The plasma units, although more expensive initially, have ratings for 50,000 hours.
If my math is ok, it seems to me that a plasma is a better buy and better picture (deeper blacks etc) if you intend to keep a set, say, 10 years.
Plasma for 10 years at (say) $6K = $6K.
DLP for 10 years = $3K + ($300/bulb x 10) = $6K (or more) also - not counting aggrivation.
And plasma has a better picture.
Am I wrong here?
lou

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<snip>

Or look at it differently:
$3k now, plus a few bulb changes, and a new system at some point in the future at lower prices and newer technology, vs:
$6k now, and keep it in spite of the tech changes.
One thing that has been pretty constant has been the silicon curve as applied to consumer electronics. Prices fall, capabilities increase.
Broadband proliferates. And what were considered 'high speed connections' 5 years ago are now not adequate for leading edge services today, let alone tomorrow.
What we are still missing is access to quality content with a sustainable economic model, in a world of TiVo and Napster-like services.
Welcome to the future.
Patriarch
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On Thu, 02 Jun 2005 20:23:15 -0400, loutent wrote:

The HID lamp used in these sets should be good for much more than 3,000 hours. The service manual for my JVD I-DLA claims 5,000 hours.
3,000 hours in a year is over 8 hours per day. That's a lot of time in front of a TV. You must have young kids at home.
AFAIK, you only need replace the lamp when it no longer fires. I am not aware of any significant output fall-off with age in HID lamps.

Plasma displays begin to loose brightness as soon as you turn them on. The life of the display is a matter of what's acceptable to you. You may become unhappy with it much sooner than 50,000 hours.

I can change the lamp in my JVD I-DLA from the front of the set (there is one screw on the left side that has to be removed). Its a 5-minute job.
Don't know about the cost. It may come down in the future, too.

Probably. But I've seen some pretty impressive-looking RPTVs, and prices on them are falling faster than the same-size plasmas.
--
Art Greenberg
artg AT eclipse DOT net
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Hi Art,
Thanks for this information. I am leaning toward DLP since it seems to give more bang for the buck. The pictures that I have seen in the stores is pretty impressive in HD.
Lou

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loutent wrote:

Yes.
Plasma still has burn in problems that LCD and DLP do not have. DLP can match plasma resolution, contrast, and viewing angle. DLP doesn't have the problem with burned out pixels like an LCD can. Bulbs can (and often do) last considerably more than 3000 hrs (my ex's LCD is over 2 years old and still on the original bulb, and they watch a lot of TV).
--
Odinn
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The only time when you'd *want* a bulb to burn out eh? Or, does your separation agreement make you responsible for maintenance of it? :)
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Upscale wrote:

Only maintenance I have that I'm responsible for is our daughter, and that's enough maintenance for both her stepdad and myself to deal with :)
--
Odinn
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Lou...
Man, there are a million pros and cons on the DLP vs Plasma vs LCD. Here are a few thoughts:
LCD - it's like a laptop... if a pixel goes dead, it stays dead unless they replace it. Picture quality is subjective.
Plasma - Thin... but expensive and with a fixed lifespan that depends on the quality. A $8500 50 inch panasonic is going to last longer and look better than a $2900 special no-name at Costco. My guy told me (and he sells plenty of plasma sets) that after about 8-10 years, you can throw away the Plasma set because there is nothing slavageable... the screen just slowly deteriorates (even on the best sets) after say 5 years whereas the LCD and DLP sets are as good as new once you install a new bulb (assuming the thing is not hit by lightning!)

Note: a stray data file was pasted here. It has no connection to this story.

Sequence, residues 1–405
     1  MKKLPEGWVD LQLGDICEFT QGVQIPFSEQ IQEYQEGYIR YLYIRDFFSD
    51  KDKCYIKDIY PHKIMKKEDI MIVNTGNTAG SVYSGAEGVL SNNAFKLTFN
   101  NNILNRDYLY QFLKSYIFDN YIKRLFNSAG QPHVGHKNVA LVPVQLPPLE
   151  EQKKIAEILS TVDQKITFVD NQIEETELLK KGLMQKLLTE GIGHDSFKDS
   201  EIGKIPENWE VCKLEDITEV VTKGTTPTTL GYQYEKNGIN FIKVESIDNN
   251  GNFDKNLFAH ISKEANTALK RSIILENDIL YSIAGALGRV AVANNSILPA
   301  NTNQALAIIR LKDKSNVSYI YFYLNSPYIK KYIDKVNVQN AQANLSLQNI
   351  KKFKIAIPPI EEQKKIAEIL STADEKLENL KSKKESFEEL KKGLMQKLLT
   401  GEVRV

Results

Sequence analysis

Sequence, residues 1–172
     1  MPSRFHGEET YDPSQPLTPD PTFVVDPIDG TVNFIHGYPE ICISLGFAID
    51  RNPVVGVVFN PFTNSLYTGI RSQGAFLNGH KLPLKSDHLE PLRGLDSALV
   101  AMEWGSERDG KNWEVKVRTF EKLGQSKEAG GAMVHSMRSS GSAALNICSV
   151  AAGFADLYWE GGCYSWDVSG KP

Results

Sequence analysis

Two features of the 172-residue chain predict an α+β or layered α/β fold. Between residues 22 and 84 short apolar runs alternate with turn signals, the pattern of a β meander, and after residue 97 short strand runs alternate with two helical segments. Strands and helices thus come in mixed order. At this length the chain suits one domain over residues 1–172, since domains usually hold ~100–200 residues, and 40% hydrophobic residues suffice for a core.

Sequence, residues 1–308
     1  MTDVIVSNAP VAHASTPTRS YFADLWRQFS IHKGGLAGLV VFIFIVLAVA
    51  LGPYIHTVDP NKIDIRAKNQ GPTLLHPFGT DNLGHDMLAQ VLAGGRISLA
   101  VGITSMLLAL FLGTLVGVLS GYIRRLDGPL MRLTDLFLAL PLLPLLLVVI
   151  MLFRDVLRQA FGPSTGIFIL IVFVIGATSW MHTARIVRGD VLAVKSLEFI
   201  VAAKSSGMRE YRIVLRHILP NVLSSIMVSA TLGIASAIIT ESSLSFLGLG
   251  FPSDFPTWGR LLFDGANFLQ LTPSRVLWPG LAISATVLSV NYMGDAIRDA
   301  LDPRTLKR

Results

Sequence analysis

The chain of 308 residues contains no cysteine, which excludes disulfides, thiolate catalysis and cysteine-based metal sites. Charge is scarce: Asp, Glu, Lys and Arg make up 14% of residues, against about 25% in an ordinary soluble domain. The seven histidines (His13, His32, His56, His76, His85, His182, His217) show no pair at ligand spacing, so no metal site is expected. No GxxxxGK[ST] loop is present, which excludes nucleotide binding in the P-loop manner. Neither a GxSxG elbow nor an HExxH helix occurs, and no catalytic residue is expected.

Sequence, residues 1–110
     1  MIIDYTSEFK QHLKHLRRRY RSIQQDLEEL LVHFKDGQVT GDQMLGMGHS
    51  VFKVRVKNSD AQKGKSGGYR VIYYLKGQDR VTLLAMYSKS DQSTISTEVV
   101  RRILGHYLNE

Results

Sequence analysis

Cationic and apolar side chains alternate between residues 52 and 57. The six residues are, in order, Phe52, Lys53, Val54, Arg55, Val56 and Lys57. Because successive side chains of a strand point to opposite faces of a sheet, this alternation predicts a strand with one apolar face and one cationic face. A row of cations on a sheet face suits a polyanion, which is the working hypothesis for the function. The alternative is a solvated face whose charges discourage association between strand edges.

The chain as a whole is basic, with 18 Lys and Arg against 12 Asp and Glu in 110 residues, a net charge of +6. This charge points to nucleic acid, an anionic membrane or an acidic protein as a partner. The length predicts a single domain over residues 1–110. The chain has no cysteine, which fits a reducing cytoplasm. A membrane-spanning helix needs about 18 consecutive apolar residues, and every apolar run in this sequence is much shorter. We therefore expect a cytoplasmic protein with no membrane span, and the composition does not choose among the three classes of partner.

DLP - Yes, the bulbs have a lifespan, but the actual lifespan is longer than you noted. My dealer (a friend also) told me the bulbs should last about 8000 hours if you use care. There are new DLPs coming out that are less than 10" thick. How they fold the picture I don't know, but they've had demo's at consumer electronic shows. They are expensive and big sets right now... maybe 70"+?
I did a lot of research (maybe 6 months) before buying this particular set. Samsung was the first DLP, but Mitsubishi leapfrogged them with newer technology. Even among the various DLP brands... there is a wide variety of features and picture quality available, and I'll be the first to admit its a fluid thing. Last November, Mitsubishi clearly had the best technology out there IMHO. Samsung intro'd a new set shortly after, but the DLP engine still wasn't up to the Mits engine. And as far as the bulb goes... it is better to leave these sets on rather than turn them on and off 20 minutes later. The bulb needs the cool-down period after it goes off, so if you're smart you get the backup power supply just in case. Also, the wholesale price of the bulbs is around $200 or less, so by the time you need one, I suspect you'll be able to buy one online for near that price.
All I know is that you will not be prepared for the picture quality. I am amazed everytime I watch a NFL or MLB game... not to mention PBS. If they start showing TOH in HD... you're gonna'see particles of sawdust flying around Norm that you never saw before. And you'll see wood grain and other details that are unreal. You can see the stiching on player's jerseys with my set. The other thing you should keep in mind is size. Get the biggest set your room can handle. I almost bought a 52" and I have a 14+ X 21' family room. Never regretted the 62" once.
Sorry for the rant guys. Threw in the TOH stuff to keep it honest. :)
Mike
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How about having the TV raise out of the base? Put it on a lift and the entire thing would come up out of the base for viewing and go back down when not in use.
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Here's a link http://www.televisionlifts.com/pages/815121/index.htm